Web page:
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India Knowledge Services Outsourcing: NASSCOM -CRISIL Study 2011

This is an executive summary of a study on the India knowledge  services industry  by NASSCOM and CRISIL Global Research and Analysis 2011, released August 23 at the BPO summit in Gurgaon, near Delhi.   We  carry the kery announcements elsewhere on this page: http://www.indiatechonline.com/nasscom-bpo-summit-2011-543.ph

The growth of the Indian BPO industry has been both phenomenal to behold, and inspirational for other countries to follow. The most defining aspect of this story has been the industry’s ability to continually expand horizons, enter new markets, offer a wider range of services, and at the same time, keep moving up the value chain to successfully deliver higher value, complex business critical services that are not transactional and require deep domain expertise.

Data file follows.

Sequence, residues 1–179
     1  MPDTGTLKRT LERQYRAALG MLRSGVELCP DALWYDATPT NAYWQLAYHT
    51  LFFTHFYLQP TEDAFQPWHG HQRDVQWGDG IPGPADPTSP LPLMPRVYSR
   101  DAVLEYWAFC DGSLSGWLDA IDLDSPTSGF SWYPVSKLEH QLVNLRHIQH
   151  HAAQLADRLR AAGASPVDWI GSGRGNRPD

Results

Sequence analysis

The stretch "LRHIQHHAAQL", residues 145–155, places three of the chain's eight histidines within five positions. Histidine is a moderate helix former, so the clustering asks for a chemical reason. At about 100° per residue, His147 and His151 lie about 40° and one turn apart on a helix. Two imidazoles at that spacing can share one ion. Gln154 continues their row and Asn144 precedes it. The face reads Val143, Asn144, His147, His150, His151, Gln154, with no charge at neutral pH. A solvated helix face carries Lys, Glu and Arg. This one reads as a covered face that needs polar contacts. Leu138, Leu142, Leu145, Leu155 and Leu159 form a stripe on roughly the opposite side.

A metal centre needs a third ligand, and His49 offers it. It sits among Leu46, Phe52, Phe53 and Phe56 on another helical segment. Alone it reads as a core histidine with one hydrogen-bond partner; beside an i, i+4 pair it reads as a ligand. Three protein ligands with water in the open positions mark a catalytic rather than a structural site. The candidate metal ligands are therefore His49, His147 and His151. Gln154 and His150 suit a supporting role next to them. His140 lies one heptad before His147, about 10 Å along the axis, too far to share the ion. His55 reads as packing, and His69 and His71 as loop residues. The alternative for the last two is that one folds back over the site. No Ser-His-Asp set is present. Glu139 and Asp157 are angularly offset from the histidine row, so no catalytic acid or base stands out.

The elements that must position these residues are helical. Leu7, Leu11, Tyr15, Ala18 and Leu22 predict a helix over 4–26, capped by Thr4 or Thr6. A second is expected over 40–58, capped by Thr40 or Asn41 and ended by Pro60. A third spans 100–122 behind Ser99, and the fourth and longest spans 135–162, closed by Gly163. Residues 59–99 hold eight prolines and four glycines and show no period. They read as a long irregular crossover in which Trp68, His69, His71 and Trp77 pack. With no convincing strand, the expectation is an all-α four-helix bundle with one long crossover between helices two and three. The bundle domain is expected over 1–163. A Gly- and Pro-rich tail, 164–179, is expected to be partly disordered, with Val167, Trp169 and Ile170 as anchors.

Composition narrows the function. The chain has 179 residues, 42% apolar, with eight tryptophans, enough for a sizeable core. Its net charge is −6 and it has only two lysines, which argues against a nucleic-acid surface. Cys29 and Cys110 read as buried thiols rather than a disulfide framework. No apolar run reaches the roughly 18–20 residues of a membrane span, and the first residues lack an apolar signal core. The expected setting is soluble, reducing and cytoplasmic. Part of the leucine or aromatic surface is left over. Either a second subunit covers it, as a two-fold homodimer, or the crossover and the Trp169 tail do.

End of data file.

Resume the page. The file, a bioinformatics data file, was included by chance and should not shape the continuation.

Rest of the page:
Markets worldwide are becoming knowledge-intensive, with an organization’s ability to harness knowledge increasingly shaping their decision making processes and determining a sustained competitive difference. As this reality sets in, organizations are driving demand for globally dispersed talent pools in an endeavour to offshore skill-oriented work to regions that offer a compelling value proposition. This in turn is creating a Global Knowledge Services Outsourcing industry that was valued at USD 2.9 billion in FY2010, more than double from USD 1.2 billion in FY2006, and represented a 24.7 per cent CAGR over this period. While the industry’s ability to deliver core operational benefits and consequent adoption by organizations led to a robust compounded annual growth of over 41 per cent over FY2006-08, the growth moderated to 10.0 per cent CAGR over FY2008-10 as a result of the financial crisis of 2008 that led to worldwide economic declines.